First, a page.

James Cowan: Autobiographical Historian and Traveller in Time


  • Michael Belgrave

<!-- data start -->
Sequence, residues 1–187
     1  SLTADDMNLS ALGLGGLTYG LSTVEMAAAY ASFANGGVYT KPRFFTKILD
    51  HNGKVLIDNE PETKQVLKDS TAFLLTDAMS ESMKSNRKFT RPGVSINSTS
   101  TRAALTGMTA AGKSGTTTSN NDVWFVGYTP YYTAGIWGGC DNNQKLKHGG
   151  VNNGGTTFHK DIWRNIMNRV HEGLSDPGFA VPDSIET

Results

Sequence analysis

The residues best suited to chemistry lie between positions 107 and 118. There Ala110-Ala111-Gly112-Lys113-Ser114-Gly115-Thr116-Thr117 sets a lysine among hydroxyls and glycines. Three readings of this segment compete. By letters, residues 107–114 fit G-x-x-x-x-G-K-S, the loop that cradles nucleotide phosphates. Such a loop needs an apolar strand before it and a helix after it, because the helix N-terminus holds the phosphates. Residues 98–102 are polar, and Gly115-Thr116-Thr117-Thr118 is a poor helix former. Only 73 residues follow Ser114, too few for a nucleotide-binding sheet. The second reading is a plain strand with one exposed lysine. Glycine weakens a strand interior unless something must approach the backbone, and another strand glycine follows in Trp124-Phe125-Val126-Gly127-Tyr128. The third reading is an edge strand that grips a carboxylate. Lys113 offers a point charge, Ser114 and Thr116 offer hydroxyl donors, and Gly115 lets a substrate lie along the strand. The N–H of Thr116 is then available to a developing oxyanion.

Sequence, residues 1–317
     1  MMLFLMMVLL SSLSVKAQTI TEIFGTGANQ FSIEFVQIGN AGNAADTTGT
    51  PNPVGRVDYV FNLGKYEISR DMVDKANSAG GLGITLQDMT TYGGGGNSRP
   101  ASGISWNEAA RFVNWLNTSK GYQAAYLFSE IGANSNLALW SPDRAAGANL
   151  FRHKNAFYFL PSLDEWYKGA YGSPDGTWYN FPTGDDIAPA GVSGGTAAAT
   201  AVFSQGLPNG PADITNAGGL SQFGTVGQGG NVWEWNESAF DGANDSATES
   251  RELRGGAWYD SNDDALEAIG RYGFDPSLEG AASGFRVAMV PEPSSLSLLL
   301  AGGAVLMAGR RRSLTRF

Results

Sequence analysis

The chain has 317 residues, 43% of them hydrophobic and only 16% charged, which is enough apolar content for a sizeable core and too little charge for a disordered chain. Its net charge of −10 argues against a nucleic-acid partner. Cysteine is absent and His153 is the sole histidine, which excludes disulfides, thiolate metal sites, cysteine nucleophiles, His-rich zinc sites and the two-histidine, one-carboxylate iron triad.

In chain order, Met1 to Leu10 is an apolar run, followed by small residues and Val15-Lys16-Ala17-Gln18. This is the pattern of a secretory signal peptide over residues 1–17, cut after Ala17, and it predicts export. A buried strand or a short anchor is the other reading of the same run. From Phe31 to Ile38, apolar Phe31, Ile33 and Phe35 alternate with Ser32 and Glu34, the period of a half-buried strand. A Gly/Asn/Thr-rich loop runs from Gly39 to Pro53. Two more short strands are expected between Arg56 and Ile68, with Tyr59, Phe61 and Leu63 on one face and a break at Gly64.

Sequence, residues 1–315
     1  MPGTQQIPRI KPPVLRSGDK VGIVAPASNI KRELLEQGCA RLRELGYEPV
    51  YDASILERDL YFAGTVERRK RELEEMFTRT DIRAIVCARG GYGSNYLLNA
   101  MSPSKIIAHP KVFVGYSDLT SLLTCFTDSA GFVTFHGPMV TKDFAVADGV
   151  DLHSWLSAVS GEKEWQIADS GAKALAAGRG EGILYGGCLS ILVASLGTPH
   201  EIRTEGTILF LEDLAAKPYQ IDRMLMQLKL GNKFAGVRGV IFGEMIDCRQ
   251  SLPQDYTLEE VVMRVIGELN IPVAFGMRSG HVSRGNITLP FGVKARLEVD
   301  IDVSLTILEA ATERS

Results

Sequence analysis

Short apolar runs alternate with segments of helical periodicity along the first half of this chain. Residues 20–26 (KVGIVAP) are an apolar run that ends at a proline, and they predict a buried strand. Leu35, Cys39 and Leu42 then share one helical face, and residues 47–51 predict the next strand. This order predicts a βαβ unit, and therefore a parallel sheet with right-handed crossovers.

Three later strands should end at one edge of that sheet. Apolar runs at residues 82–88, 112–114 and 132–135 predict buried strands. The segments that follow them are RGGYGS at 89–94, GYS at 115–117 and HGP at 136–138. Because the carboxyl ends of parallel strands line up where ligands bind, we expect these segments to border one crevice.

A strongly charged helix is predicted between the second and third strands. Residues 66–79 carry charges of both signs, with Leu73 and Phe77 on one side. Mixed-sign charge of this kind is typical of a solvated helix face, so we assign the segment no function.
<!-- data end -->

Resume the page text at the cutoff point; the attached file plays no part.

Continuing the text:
James Cowan’s childhood, growing up on the family farm built on the site of the Battle of Ōrākau, has always been seen as an influence in his writing, particularly as a historian. This article explores Cowan’s world on the frontier, as a child in the 1870s, but more importantly as an adolescent in the early 1880s. Not only was Cowan’s experience of these tense and sometimes turbulent decades a major influence on his writing, they also help us explain some of the contradictions presently seen in work. On the one hand, Cowan echoed nineteenth-century notions of colonial virtue and argued that the wars drew Māori and Pākehā closer together. At the same time, he was prepared to call confiscation of Waikato land theft on a massive scale. Cowan’s ability to be a historian of the time, while also reflecting a critical perspective of colonisation, reflected the world of the frontier in the early 1880s. Attempts to make peace between the King and the Queen created an atmosphere of reconciliation, where the protagonists of the 1860s, including Rewi Maniapoto, Wahanui Huatare and Te Kooti Arikirangi te Turuki negotiated for a new peace with old enemies, George Grey, John Bryce and William Gilbert Mair. Cowan’s writing reflected familiarity with these peace makers, but also made him conscious of the failure of the negotiations to resolve grievances over confiscations. Cowan’s was a personal history, forged not in archives, but through personal relationships built on interviews and correspondence.


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